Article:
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Media, Empire, Photography (Following Up)

Once again, I want to open a thread so that anyone with thoughts about last night's lecture, history lab, or reading has a forum to share their thoughts. I found this chapter from Wexler's book to be really thought-provoking, as it asks us to think about the connections between the domestic imagery common at the turn of the century and the simultaneous emergence of an American overseas empire. Did anyone else enjoy the reading? Did anyone find it difficult? Did anyone disagree with Wexler?

And Wexler's argument opens up this larger question about how we can "read" photographs for clues about how people imagined their world in the past. Our lab focused on war photos, but I'd like to suggest that this exercise could be repeated for almost any photograph. Are there other photographic styles or themes you can think of that might reveal clues about the past? Is it too much to describe photographs as "created" given that they do, in fact, simply record light on silver particles (or pixels, today)? How else might we think about photographs historically?

Comments

I think that photographs focus in on important and meaningful parts of an issue that would not be as noticable without a photograph. For example, with war as a big issue photographed, when photographers focus on a bloody hand, a sad face, etc it is even more meaningful and personal to the audience. I guess my main thing is that photos zoom in on certain things that show lots of meaning.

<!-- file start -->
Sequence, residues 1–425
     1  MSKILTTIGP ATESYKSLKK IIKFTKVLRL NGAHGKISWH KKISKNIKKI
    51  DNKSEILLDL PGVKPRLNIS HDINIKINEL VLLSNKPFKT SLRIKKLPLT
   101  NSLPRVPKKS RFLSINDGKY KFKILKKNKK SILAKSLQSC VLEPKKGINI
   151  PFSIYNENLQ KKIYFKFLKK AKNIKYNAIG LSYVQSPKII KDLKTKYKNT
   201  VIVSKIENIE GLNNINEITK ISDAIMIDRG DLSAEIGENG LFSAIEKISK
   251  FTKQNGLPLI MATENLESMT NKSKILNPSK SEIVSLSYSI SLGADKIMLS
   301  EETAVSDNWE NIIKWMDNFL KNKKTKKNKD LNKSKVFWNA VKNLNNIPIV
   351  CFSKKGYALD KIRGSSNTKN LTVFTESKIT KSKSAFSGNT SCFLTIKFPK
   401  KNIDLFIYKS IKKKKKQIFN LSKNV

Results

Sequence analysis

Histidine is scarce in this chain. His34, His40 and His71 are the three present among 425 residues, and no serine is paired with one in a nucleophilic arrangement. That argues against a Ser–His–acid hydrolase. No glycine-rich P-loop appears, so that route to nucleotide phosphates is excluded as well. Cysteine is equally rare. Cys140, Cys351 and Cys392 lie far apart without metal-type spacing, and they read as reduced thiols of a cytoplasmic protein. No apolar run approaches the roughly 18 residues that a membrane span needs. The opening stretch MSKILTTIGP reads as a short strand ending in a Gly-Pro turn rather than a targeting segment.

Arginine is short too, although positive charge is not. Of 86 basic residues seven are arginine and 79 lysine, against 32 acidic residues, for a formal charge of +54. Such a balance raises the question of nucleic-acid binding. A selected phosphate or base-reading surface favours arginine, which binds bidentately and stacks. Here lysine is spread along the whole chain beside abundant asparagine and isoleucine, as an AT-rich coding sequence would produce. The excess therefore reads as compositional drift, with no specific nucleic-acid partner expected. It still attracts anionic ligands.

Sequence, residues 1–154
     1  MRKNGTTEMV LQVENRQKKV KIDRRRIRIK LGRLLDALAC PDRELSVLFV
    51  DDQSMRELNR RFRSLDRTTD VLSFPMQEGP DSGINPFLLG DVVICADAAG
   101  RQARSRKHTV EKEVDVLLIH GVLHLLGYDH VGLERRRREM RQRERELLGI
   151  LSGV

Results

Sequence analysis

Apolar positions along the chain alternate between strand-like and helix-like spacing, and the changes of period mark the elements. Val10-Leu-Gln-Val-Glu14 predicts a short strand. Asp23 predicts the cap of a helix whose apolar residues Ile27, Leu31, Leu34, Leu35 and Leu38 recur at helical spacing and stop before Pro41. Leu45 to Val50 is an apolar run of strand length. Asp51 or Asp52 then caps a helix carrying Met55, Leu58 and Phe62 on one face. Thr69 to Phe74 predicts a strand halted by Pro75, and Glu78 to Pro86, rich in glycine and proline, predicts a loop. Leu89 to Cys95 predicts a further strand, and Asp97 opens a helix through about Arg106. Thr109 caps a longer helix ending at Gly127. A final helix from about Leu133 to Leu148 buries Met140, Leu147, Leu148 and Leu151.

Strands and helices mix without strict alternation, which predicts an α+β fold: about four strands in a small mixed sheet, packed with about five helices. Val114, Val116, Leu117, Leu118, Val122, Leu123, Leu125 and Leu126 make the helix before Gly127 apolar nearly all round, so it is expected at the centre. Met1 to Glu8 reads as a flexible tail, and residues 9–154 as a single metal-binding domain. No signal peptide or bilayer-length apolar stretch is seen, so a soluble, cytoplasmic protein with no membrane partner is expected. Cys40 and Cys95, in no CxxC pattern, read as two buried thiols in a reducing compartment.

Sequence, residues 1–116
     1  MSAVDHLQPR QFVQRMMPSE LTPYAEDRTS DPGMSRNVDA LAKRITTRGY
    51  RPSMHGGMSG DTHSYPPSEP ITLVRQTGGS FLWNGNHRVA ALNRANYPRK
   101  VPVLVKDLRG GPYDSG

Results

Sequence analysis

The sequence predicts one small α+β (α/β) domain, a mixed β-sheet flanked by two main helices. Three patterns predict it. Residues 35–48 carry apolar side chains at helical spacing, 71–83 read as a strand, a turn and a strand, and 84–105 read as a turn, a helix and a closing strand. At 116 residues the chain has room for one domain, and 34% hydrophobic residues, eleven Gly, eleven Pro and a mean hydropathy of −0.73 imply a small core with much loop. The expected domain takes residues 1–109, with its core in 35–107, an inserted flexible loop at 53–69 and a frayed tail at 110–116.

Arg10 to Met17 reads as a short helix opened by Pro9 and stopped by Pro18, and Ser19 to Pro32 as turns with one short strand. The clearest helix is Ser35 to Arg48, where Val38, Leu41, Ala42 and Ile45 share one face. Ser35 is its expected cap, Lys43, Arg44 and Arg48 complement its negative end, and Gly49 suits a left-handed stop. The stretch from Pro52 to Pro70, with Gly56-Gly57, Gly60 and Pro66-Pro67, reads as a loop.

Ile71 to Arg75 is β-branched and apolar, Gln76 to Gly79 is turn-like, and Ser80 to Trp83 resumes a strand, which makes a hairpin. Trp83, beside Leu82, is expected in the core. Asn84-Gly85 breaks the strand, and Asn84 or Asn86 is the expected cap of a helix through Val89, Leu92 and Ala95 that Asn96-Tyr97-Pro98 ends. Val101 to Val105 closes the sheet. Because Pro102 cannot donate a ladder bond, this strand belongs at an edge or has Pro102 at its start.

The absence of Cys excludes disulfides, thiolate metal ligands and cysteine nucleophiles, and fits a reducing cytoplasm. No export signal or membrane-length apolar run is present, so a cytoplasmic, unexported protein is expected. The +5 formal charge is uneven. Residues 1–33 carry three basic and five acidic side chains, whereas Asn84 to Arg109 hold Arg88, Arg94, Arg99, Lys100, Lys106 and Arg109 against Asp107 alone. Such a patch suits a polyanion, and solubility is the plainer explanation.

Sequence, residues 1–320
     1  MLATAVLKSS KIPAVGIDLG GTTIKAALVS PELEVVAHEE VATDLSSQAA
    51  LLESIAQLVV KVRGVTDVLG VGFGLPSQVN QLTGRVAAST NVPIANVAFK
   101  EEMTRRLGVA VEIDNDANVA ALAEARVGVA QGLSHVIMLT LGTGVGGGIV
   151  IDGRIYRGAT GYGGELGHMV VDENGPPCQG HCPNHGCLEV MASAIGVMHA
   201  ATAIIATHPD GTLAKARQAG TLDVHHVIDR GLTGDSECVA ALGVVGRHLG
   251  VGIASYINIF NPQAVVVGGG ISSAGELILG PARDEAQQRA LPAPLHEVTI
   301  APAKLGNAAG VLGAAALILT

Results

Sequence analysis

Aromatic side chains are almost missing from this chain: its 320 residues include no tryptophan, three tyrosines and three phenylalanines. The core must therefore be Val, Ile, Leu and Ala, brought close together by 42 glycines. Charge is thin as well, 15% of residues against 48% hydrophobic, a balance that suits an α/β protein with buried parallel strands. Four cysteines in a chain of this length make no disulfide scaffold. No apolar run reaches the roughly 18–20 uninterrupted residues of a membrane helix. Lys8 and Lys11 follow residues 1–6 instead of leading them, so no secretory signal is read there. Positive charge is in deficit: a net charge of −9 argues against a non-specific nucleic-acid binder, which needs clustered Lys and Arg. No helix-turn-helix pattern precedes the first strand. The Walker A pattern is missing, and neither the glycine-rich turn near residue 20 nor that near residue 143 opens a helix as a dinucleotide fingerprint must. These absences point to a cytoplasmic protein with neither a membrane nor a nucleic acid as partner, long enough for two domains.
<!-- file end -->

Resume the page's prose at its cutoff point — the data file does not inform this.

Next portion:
I agree with the comment that photographs focus on certain things that will spark the most emotions. I feel like focusing on these emotions have a very powerful affect on populations. Look at 9/11 for example, there was nothing but firefighters and flags all over the media. What did this spark? Retribution, revenge, justice, all of these were main themes posted throughout most media. As soon as our government took action, new photos started appearing, presenting the theme that there are war-mongerers amonst the government. Media has a lot to do with this type of persuasion.

I think it's interesting to think about photography. There are the professionals photographers, and then there are the everyday photographers, and I'm sure there are some people in-between. Do we analyze photographs from professionals and everyday people in the same way. How do we know if everything in the picture was intended to be in the picture when it was taken. I think it is interesting that everyday people go through the decision process of which photographs to keep and who to show them too just as professionals do.